I'm working on a moss stitch knit baby blanket with Hobbycraft's In The Zone tubular yarn, which is 100% polyester. I've come to the end of my first skein and I'm struggling to figure the best way to join the strands together to continue my work so it doesn't create a bump from a knot.

I usually use the Invisible knot technique with regular fibre yarn, but because this yarn isn't "yarn" in the traditional sense, tying it together in this way still creates a knot which would be noticeable in a knitted blanket (I find them easier to hide in crocheting).

I've scoured YouTube and tried a method for tubular/tape yarn, but because this stuff has kind of a poly filling in it, this method didn't work either.

The photo has a diagonal cross-section of the end of a strand so you can get an idea of its composition. I would be grateful for any advice on this! =)enter image description here

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    It’s nice that you share your solution with us, but please don’t write three answers - just edit one to have all the pictures and text and then delete the others, thanks!
    – Stephie
    Commented Jun 7, 2018 at 20:45
  • 1
    @Stephie please forgive me, I'm still new here... It wasn't immediately obvious how to add multiple photos to a single post. 😟 Commented Jun 7, 2018 at 21:05
  • No problem, it’s just what we „seasoned“ users do - explain and remind. Yes, I could simply have edited the first post and flagged the others for deletion, but a) I‘m on my mobile and b) it’s a „give a man a fish“ vs. „teach a man to fish“ situation. Welcome to the site!
    – Stephie
    Commented Jun 7, 2018 at 21:09
  • I think you did exactly the right type of join, especially considering that this blanket wants to look good from both sides. The only thing that might have improved it would have been a mint green thread that blends in... (In cases where the “wrong side” was not going to be visible, I have handled tape yarn joins by leaving 3” or so loose on the back (with a single overhand loop to temporarily keep things from slipping) and going back, after finishing the piece, to sew the two ends neatly together, much as you have done here.) The blanket is very pretty, good job!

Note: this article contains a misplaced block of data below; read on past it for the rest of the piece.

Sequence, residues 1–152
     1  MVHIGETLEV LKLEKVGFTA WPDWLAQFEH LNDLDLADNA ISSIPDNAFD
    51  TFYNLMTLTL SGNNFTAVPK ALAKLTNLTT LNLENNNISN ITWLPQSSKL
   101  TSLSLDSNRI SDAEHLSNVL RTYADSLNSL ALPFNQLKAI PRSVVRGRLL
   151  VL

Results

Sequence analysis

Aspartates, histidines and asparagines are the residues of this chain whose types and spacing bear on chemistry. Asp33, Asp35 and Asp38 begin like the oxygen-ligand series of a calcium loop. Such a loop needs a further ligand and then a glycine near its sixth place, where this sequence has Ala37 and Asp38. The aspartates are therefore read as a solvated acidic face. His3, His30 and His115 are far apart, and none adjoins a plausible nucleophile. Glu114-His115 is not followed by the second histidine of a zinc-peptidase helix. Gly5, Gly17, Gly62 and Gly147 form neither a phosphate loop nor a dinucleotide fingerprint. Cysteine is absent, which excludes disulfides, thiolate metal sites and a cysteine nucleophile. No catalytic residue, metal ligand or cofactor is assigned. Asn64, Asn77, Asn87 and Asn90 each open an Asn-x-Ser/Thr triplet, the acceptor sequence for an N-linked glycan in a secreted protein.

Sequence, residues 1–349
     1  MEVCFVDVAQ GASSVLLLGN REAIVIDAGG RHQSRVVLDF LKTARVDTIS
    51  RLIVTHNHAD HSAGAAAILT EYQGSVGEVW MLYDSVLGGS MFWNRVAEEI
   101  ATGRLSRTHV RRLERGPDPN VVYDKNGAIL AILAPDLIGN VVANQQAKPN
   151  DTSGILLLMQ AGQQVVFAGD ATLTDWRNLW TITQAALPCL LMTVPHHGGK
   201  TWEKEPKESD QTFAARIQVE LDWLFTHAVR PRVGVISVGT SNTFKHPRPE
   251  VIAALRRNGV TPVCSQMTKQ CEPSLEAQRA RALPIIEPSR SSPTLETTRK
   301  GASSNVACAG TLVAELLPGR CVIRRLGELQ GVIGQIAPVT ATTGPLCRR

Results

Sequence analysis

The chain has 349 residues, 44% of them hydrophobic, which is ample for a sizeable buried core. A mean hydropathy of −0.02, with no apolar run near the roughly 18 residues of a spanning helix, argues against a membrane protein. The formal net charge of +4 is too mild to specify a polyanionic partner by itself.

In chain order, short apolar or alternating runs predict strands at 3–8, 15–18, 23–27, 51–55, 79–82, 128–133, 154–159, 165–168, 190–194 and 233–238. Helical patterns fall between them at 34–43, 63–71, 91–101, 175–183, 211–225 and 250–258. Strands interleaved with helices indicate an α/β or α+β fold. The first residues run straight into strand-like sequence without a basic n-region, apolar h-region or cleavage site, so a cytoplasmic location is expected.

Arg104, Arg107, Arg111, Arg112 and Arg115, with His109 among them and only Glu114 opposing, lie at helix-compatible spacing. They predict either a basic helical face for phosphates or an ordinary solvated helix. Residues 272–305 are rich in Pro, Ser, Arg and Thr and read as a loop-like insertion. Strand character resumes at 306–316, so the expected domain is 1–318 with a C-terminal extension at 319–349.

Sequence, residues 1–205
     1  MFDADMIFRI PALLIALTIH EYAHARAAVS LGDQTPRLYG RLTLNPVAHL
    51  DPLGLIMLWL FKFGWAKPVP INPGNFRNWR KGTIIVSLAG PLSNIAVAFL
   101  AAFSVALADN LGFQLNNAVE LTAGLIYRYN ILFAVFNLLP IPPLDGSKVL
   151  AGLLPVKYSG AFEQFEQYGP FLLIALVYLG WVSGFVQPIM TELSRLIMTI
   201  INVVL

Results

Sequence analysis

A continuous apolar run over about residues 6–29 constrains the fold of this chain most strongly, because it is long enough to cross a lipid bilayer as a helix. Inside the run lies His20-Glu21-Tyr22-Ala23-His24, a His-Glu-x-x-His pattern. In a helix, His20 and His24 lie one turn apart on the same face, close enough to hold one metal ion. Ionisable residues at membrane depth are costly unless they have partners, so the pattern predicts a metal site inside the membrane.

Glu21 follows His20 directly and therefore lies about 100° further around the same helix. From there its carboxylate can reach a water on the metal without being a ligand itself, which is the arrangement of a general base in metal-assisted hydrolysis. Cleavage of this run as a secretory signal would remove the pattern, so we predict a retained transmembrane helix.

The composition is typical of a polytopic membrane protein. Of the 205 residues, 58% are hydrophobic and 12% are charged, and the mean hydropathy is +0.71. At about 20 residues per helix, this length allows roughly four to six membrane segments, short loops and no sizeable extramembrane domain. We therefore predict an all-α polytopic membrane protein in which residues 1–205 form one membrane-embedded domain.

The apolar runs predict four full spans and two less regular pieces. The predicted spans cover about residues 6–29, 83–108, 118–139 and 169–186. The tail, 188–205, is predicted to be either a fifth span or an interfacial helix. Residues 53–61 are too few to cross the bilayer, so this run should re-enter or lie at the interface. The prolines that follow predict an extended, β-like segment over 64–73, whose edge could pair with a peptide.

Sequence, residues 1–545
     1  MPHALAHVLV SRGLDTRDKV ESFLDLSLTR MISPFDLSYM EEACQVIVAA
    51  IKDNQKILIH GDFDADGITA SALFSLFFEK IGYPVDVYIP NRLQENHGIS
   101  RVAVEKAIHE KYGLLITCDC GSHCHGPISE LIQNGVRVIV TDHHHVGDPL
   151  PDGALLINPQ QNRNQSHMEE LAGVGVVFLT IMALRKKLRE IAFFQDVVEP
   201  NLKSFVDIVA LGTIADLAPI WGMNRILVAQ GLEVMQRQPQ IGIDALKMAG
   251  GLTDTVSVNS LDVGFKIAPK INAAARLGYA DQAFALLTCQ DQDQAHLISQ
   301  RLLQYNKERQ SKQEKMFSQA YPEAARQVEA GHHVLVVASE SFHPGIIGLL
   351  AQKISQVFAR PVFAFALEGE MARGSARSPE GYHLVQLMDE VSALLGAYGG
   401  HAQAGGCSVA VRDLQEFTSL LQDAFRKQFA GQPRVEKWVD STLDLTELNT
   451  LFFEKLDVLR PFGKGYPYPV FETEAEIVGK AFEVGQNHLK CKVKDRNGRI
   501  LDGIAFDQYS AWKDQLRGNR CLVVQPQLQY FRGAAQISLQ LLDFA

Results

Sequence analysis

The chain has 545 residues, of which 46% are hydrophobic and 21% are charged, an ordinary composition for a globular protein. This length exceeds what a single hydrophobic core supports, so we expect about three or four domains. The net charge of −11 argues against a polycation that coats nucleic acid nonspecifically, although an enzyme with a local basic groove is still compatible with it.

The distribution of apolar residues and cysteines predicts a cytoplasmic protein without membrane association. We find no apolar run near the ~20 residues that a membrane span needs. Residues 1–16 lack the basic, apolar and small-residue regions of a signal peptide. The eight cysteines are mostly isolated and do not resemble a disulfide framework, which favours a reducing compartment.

– Laurent R.
    Commented Feb 24, 2019 at 6:39
  • P.S. I cut and pasted your four entries into one long entry, which is the usual format here. That way your “continuing saga” is all in one place, and doesn’t appear as one question and three answers. 😉 (Someone with a higher pay grade than myself will need to delete the three duplicate “answers” now... )
    – Laurent R.
    Commented Feb 24, 2019 at 6:41

1 Answer 1


So, in the meantime, I'm trying something a bit different... It's not the neatest sewing job, but I've managed to sew the strands together, doing a basic up and down through the middle (with the strands overlapping each other) and then looping over and under each side to hold it together on the sides as well. At least this way, there's no big knot and it feels pretty sturdy. 🤷‍♀️😅 stitched together

Here's one side of what it looks like worked in with a few rows done extra...

side 1 And here's the other side of the work. Maybe in future, I will sew together a smaller section and snip the excess, as even though the bit I sewed was only about 1cm, it's still a bit noticeable... Though probably still less so than if it was knotted. I'll try to do maybe half a cm next time (tricky!) and if I succeed, I will post back again! In the meantime, if anyone else has any other suggestions, I will gladly receive them! =) side 2

  • 1
    Awesome -- thank you for sharing your own solution!
    – Erica
    Commented Jun 7, 2018 at 16:49
  • Looks cool! You could consider it your "signature stitch" to demonstrate that the item is handmade.
    – Charlee
    Commented Apr 1, 2021 at 13:25

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